Phoebe found herself smiling up at him. “You’re the estate manager?” she asked.

“Most of the time. But there’s no job at this estate, scullery maid included, that I haven’t tried at least once, to gain at least some small understanding of it.”

Phoebe’s smile faded as a strange, terrible suspicion flickered through her mind.

“How long have you been employed here?” she asked cautiously.

“Since my brother inherited the title.” The stranger bowed before continuing. “Weston Ravenel . . . at your service.”

Chapter 2

West couldn’t stop staring at Lady Clare. He had the feeling if he reached out to touch her, he would come away with his fingers scorched. That hair, blazing from beneath a simple gray traveling bonnet . . . he’d never seen anything like it. Bird-of-paradise red, with glimmers of crimson dancing amid the pinned-up locks. Her skin was flawless ivory except for a tender spray of freckles sprinkled across her nose, like a finishing spice on some luxurious dessert.

She had the look of someone who had been nurtured: educated and well dressed. Someone who had always been lovingly sheltered. But there was a shadow in her gaze . . . the knowledge that there were some things no human being could be protected from.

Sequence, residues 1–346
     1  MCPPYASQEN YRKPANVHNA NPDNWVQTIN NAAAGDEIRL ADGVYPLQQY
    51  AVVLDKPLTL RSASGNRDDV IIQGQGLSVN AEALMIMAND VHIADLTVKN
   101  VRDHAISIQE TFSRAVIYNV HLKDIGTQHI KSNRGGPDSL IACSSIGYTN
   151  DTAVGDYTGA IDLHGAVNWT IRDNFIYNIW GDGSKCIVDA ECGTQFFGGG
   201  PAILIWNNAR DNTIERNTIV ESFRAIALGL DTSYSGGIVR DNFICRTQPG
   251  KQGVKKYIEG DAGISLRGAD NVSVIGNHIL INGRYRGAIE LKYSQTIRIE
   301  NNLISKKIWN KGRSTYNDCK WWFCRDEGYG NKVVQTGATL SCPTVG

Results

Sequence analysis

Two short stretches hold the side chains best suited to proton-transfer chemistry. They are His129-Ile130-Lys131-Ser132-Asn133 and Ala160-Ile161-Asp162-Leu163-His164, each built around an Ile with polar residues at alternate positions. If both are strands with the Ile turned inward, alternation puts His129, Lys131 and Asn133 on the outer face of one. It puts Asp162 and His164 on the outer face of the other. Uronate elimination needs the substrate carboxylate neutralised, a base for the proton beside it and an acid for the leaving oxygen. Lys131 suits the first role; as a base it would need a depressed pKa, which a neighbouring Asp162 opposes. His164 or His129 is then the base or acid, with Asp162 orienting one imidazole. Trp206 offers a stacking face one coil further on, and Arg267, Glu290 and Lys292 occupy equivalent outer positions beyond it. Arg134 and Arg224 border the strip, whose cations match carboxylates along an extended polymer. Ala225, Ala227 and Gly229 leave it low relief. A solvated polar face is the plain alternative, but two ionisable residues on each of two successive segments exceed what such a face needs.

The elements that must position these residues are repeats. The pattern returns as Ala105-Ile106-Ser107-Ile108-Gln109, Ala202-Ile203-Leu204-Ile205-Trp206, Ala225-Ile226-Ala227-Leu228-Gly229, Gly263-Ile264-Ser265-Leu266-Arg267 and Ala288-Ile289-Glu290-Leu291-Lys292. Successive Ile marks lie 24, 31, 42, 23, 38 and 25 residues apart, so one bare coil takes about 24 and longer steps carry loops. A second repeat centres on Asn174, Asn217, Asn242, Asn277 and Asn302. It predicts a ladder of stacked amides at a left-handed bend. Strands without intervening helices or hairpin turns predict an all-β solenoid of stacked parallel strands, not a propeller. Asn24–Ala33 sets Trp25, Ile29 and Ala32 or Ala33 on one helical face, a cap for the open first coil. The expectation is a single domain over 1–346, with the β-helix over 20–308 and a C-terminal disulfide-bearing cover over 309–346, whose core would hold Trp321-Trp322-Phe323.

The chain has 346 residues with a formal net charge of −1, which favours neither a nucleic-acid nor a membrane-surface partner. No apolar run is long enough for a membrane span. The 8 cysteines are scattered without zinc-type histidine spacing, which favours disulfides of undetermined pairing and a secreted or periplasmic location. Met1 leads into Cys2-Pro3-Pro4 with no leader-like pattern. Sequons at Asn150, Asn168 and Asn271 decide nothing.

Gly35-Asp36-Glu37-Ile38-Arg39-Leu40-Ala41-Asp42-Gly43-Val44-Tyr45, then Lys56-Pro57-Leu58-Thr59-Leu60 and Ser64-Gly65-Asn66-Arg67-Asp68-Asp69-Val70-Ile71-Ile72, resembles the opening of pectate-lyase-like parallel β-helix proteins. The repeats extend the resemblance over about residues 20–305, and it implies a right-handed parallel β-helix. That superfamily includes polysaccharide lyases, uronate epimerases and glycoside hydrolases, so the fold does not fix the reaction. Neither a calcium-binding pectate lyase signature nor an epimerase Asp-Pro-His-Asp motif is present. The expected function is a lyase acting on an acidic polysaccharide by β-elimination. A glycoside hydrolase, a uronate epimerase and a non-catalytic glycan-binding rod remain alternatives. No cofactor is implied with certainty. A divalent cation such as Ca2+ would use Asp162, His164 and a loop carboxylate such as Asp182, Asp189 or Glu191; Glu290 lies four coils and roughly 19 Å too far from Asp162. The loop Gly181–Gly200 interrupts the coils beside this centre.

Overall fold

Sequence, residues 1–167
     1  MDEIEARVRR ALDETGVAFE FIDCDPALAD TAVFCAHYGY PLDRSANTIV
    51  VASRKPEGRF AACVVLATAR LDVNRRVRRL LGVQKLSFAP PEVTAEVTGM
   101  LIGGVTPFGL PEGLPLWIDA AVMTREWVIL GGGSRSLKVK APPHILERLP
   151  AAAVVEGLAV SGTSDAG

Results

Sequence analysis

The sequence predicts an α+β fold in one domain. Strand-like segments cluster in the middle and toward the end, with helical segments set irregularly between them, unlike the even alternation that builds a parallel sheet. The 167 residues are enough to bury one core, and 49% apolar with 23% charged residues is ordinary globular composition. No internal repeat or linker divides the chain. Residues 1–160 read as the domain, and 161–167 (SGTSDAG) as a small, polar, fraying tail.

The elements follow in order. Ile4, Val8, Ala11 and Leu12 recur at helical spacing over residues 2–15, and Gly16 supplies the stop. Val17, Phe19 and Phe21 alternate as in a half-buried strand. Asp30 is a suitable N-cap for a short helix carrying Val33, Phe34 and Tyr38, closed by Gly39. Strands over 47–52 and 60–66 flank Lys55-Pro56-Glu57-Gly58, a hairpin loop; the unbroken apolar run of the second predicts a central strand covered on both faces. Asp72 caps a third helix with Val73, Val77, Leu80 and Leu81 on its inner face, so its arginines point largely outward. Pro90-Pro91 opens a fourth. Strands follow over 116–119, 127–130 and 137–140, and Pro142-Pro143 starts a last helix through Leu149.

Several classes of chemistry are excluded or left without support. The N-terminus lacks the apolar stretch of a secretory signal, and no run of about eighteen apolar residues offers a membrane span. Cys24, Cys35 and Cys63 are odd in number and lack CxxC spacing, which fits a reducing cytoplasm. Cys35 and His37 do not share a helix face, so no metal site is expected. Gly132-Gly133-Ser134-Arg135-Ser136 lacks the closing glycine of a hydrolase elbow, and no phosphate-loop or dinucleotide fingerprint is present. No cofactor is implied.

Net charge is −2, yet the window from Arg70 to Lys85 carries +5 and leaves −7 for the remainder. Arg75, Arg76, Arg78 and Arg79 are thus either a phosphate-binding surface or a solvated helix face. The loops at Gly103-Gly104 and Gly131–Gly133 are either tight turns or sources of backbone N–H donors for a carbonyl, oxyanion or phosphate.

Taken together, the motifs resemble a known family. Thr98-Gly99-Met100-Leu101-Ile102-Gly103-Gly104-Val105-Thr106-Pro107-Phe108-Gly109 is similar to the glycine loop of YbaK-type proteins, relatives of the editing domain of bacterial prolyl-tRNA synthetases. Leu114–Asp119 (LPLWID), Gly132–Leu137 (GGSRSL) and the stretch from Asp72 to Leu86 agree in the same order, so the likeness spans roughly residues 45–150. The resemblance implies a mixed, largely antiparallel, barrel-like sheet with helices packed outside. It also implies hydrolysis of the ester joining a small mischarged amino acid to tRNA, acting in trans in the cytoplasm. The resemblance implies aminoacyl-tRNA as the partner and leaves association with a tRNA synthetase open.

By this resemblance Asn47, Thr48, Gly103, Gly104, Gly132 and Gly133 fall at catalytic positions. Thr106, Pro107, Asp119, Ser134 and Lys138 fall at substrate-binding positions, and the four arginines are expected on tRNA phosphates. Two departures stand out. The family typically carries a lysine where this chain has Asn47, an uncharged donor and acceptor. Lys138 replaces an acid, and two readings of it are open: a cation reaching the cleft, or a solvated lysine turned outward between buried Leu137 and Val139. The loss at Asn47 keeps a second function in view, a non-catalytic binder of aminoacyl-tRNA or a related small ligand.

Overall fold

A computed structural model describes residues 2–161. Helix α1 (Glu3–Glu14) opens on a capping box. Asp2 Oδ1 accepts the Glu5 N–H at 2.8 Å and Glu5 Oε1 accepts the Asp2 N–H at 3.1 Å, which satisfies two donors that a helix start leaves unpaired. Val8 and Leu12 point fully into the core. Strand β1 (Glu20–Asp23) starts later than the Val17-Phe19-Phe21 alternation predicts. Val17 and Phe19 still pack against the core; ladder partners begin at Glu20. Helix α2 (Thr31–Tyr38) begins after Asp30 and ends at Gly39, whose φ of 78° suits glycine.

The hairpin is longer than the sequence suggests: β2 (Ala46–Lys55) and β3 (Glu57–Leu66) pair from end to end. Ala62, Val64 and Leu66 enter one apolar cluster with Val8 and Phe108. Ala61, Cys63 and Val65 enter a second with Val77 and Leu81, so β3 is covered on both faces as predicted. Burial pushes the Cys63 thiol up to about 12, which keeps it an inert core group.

God, those eyes . . . light gray, with striations like the rays of tiny stars.

When she smiled, West had felt a hot tug deep inside his chest. But immediately after he’d introduced himself, her winsome smile had faded, as if she’d just woken from a lovely dream into a far less pleasant reality.

Turning to her son, Lady Clare gently smoothed a cowlick at the crown of his dark head. “Justin, we have to rejoin the rest of the family.”

“But I’m going to play marbles with Mr. Ravenel,” the boy protested.

“Not with all the guests arriving,” she countered. “This poor gentleman has much to do. We’re going to settle in our rooms.”

Justin frowned. “Do I have to stay in the nursery? With the babies?”

“Darling, you’re four years old—”

“Almost five!”

Her lips quirked. There was a wealth of interest and empathy in the gaze she bent on her small son. “You may stay in my room, if you like,” she offered.

The child was appalled by the suggestion. “I can’t sleep in your room,” he said indignantly.

“Why not?”

“People might think we were married!”

West concentrated on a distant spot on the floor, struggling to hold back a laugh. When he was able, he took a steadying breath and risked a glance at Lady Clare. To his secret delight, she appeared to be considering the point as if it were entirely valid.

“I hadn’t thought of that,” she said. “I suppose it will have to be the nursery, then. Shall we go look for Nanny and Stephen?”

The boy heaved a sigh and reached up for her hand. Looking up at West, he explained, “Stephen is my baby brother. He can’t talk, and he smells like rotten turtles.”

“Not all the time,” Lady Clare protested.

Justin only shook his head, as if the point weren’t worth debating.

Charmed by the easy communication between the two, West couldn’t help comparing it to the stilted exchanges he’d had with his own mother, who had always seemed to regard her offspring as if they were someone else’s children who were bothering her.